Given three classes C1, C2, and C3 contains black (grayscale value = 0), gray (grayscale value = 128), and white color (grayscale value = 255), respectively. Why does C1 look more different to C3 than to C2? Exactly due to the grayscale value difference between the two classes (at this point, you can think of it as Vb). Suppose one class represents the foreground and the other one is the background. Which two classes are the result that we expect? C1 and C3, since they are of the most visual difference between the two classes. That is why we prefer higher Vb for binarization.

(2) Minimum Vw
Given two separation cases, one is C1: pure black and C2:pure white, and the other is C1 and C2 with gray added. Which separation is the result we expect (can be visually distinguished one from the other without efforts)? The former, since each element is more identical to others in the same class than those in the latter one. In other words, the total variance of elements in C1 and C2 (denoted as V1 and V2) in the former case is smaller than those in the latter one (at this point, you can think of V1+V2 as Vw). Here comes the reason that the lower Vb is the better choice for binarization.

+ Let’s go deeper

In this section, we talk about the connection between “class separability” (CS, for short) and Vb (and Vw). Take a look at the following illustration.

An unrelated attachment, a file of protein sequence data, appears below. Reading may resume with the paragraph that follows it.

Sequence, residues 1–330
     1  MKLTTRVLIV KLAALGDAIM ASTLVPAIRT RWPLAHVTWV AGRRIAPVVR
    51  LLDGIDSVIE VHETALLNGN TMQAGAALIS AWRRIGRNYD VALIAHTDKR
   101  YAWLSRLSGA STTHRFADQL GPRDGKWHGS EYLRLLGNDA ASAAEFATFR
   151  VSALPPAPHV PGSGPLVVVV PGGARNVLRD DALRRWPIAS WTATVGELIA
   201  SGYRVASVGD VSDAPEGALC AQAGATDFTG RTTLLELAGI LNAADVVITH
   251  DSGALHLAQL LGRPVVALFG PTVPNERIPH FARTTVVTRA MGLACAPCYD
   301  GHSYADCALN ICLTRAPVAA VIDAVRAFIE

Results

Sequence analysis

Why do the classes on the left-hand side be in good separability? Two main reasons: (1) the classes (blue points, and yellow points) are farther from each other, and (2) every element in each class is most concentrated. Interestingly, as mentioned in the previous section, (1) implies maximum Vb, and (2) implies minimum Vw.

The term CS is from Fisher’s linear discriminant analysis. Otsu thresholding can be seen as a discrete version of CS and is equivalent to Vb/Vw. Recall that higher CS implies better thresholding results. Therefore, the larger Vb and smaller Vw, consistent with reasons (1) and (2), can make the value CS larger.

Since variance either lies between or within the class, the total variance Vt is held fixed (i.e., Vt = Vb + Vw). We can rewrite Vb/Vw as Vb/(Vt-Vb) or (Vt-Vw)/Vw. Observed that the larger Vb has the same contribution to the smaller Vw in that equation, and thus either one of the two reasons (1) and (2) can yield higher CS.

+ What are the mathematical expressions of Vb and Vw?

So far, we know why the best cut for image binarization in Otsu thresholding lies on the threshold t whose Vb is maximum (Vw is minimum). Do you curious about what Vw and Vb exactly are? To the best of my knowledge, little online material is talking about how to derive Vb and Vw. Now, let’s back to the image domain. You may have seen the equation, Vw = W1 ×V1 + W2 × V2.